|RNW - 388kHz - Chocowinity, NC|
As classic a rural NDB as it gets. Two thirty-foot poles some 150 feet apart, centre-fed vertically from the transmitter hut directly underneath. At 25 Watts, with this antenna, and presumably with the space available a decent ground system, RNW gets out reasonably well; despite copious co-channel signals I can hear it quite often at home in Pennsylvania, some 400 miles distant. The 1020Hz keying is a bit wonky, but distinctive as a result.
Chocowinity is a small crossroads town just across the Pamlico River, south of Washington on the way to New Bern, NC. (It is just a few miles from the massive 'Greenville' VOA 'B' shortwave broadcast site, but that's a whole other story.) I'd prepared for finding the site by gleefully marking on a topographic map the lat/long of the beacon as given in a database, thinking all would be easy. Oho . . . The plot had me looking around the grounds of the town's Middle School, the sports areas of which had DOZENS of phone poles and other such-like things as lighting standards, all linked with cables. It took me half-an-hour and much glaring-at by custodians and staff to convince myself there was no NDB hiding there. At the same time, RNW was blocking the radio, so it WAS close; the sheer strength and all the wires in the air was making getting a DF bearing impossible.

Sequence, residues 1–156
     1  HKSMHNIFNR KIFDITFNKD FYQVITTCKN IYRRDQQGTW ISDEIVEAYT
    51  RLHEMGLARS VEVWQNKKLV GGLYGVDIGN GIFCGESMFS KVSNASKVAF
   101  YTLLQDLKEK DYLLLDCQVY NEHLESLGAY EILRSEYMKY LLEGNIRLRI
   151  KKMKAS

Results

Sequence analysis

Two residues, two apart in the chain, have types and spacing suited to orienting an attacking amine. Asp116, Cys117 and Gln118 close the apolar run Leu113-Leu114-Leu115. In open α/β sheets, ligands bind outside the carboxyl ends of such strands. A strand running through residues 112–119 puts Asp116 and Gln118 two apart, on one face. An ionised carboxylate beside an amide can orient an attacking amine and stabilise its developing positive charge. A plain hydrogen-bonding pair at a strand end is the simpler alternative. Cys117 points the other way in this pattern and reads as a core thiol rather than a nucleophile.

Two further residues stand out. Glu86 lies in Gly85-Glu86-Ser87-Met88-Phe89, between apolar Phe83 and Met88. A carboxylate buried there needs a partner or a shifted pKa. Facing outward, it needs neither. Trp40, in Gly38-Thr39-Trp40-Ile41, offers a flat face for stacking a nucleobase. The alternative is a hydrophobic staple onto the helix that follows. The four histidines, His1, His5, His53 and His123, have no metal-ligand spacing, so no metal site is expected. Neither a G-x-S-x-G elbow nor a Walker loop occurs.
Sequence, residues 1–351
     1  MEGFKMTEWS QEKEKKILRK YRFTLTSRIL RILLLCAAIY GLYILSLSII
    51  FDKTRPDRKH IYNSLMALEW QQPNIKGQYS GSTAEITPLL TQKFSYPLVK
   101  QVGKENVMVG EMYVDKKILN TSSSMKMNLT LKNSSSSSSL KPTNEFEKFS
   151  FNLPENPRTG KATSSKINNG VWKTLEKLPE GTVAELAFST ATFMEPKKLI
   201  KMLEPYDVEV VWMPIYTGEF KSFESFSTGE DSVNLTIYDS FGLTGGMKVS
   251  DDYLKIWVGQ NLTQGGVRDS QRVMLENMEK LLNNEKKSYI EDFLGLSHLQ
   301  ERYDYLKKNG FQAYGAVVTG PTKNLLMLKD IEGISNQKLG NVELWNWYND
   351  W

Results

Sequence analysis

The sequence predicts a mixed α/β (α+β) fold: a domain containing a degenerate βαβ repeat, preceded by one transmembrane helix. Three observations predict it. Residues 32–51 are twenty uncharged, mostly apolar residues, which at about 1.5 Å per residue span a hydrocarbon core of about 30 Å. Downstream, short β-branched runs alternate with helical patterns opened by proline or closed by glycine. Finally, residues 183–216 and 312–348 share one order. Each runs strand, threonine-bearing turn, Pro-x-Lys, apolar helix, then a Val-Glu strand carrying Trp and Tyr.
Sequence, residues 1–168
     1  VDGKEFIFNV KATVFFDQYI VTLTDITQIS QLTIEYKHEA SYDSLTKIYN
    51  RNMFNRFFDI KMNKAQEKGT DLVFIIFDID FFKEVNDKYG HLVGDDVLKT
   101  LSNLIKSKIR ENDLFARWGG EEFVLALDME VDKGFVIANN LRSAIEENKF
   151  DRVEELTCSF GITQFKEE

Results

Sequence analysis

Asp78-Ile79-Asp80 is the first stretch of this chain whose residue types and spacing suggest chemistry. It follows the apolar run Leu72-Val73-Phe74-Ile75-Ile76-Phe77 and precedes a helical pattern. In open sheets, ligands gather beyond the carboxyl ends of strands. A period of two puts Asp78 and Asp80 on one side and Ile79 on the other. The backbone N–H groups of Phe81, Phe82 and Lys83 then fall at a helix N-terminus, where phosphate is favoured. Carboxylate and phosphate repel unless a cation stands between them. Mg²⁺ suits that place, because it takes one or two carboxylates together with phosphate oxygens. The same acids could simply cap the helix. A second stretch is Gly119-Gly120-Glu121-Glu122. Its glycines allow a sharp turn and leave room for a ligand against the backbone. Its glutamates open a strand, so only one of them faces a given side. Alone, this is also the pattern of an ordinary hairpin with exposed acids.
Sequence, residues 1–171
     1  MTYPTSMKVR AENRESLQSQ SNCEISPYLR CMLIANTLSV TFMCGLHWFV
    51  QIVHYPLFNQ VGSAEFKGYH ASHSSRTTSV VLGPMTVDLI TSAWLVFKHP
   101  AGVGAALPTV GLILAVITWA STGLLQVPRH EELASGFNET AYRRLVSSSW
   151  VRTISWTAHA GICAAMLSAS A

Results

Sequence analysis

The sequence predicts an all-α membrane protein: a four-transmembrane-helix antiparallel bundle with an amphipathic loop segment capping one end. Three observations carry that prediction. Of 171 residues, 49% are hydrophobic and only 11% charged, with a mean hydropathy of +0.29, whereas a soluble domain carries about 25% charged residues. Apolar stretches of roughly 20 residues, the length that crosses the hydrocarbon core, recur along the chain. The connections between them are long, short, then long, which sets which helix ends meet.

Yet another case of mis-direction or erroneous data - the lat/long data was obviously wrong. So, I drove out half-a-mile or so on each of the four 'spokes' from the town cross-roads and took DF bearings; these seemed to indicate the beacon was indeed close to where I had been, but probably a bit to the west. A bit of radio-out-the-car-window DFing closer in had me looking at a bunch of trees and hedgerow across some fields. Needed the exercise; sure enough, substantially hidden behind the hedgerows was The Hut, the poles disguised perfectly by surrounding trees. The site itself is a few hundred feet across the fields across the road from the Middle School, up a barely used farm track; the lat/long was out by perhaps 1/4 mile. Nowadays, of course, driving by I can see the sticks immediately, now I know where to look . . .
Some other pictures: